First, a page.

"HI-RISE" FIRE WEATHER PROJECT TESTED
DURING PRESCRIBED BURN IN TEXAS
NOAA’s National Weather Service joined forces with the Texas Forest Service, USDA-Agricultural Research Station and Canadian-based Aventech, Inc., on April 21 to test an upper-air data collection system designed to aid ground crews battling forest fires and other hazardous events. Dubbed the Hazardous Incident–Rapid In-flight Support Effort (HI-RISE), the project utilized an aircraft-mounted meteorological sensing instrument during flyovers of a prescribed burn at Camp Swift, a Texas National Guard training site in Bastrop County near Austin.
Developed by Aventech, the experimental instrument package was equipped with the sensors and an IRIDIUM satellite telemetry system allowing it to collect and transmit vertical upper air sounding data, such as wind speed and direction, relative humidity, air pressure and temperature via the satellite to Incident Meteorologists (IMETS) at the burn site – in real time. Some flyovers reached a height of 13,500 feet.
National Weather Service Southern Region Fire Weather Program Manager Paul Witsaman and Monte Oaks, forecaster at the National Weather Service in San Antonio, Texas, were on hand for the test, along with IMETS Greg Murdoch and Seth Nagle of the National Weather Service in Midland/Odessa, Texas. Science and Operations Officer John Zeitler also received the data in real time at the office in San Antonio and used it to produce parallel fire weather forecasts in support of the on-site incident team.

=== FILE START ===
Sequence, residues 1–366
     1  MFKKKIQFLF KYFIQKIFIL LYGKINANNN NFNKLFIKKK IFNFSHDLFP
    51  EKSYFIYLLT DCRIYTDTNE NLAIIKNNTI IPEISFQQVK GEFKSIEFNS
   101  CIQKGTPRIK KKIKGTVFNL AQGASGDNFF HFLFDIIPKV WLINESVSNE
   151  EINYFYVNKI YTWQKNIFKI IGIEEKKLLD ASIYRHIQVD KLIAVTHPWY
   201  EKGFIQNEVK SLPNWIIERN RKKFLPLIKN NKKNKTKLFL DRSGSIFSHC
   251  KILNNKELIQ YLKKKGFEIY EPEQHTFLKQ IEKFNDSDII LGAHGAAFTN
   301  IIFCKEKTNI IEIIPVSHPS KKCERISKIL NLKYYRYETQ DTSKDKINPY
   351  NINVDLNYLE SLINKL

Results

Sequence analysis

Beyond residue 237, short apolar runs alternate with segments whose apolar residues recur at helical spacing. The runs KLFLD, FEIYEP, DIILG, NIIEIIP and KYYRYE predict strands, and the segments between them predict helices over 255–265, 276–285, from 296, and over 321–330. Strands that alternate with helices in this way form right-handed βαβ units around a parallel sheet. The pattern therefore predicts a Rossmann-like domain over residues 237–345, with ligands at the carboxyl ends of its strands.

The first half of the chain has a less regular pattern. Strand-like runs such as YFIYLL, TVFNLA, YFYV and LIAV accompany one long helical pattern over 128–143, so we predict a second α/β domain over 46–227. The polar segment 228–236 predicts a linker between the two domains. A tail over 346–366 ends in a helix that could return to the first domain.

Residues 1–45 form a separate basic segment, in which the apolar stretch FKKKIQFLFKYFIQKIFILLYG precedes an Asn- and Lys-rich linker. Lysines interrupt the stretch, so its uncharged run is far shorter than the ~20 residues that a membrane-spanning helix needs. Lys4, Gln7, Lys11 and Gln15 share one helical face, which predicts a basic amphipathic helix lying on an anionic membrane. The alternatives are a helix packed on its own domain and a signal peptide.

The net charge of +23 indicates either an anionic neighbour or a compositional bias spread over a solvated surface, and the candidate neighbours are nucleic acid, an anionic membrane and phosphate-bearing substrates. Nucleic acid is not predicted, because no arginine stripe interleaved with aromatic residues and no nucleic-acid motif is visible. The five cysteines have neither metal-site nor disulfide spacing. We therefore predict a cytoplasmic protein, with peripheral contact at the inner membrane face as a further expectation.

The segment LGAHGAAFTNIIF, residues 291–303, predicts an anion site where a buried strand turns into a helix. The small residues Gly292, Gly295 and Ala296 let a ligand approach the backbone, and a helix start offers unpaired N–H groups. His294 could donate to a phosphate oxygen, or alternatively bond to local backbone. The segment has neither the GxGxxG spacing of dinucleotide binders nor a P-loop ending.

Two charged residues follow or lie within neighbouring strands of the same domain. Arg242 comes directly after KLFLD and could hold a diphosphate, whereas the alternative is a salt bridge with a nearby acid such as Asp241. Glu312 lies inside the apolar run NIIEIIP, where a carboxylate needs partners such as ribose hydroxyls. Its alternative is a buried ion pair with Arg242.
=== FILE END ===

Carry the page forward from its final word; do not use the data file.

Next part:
Witsaman believes the project represents a real leap forward in fire weather forecasting and management. “We’ve never had this kind of data at a fire incident before,” he said. “We always had to rely strictly on ground level observations. This allows us to produce more accurate spot fire weather forecasts in real time and with a much higher degree of confidence.”
Additional tests in Texas and Idaho are possible this year and others could follow. “HI-RISE could become a standard weapon in the arsenal incident commanders use to manage prescribed burns, wildfires and other hazardous incidents. As the system continues to prove its utility and if funding is available – that could happen within the next five years,” Witsaman added.
Ron Trumbla, NOAA’s National Weather Service: (817)978-1111 x140
Related Web sites:
NOAA Fire Weather Information Center : http://www.noaa.gov/fireweather
Texas Forest Service: http://txforestservice.tamu.edu
National Interagency Fire Center : http://www.nifc.gov/index.html
NOAA Storm Prediction Center Fire Weather page: http://www.spc.noaa.gov/products/fire_wx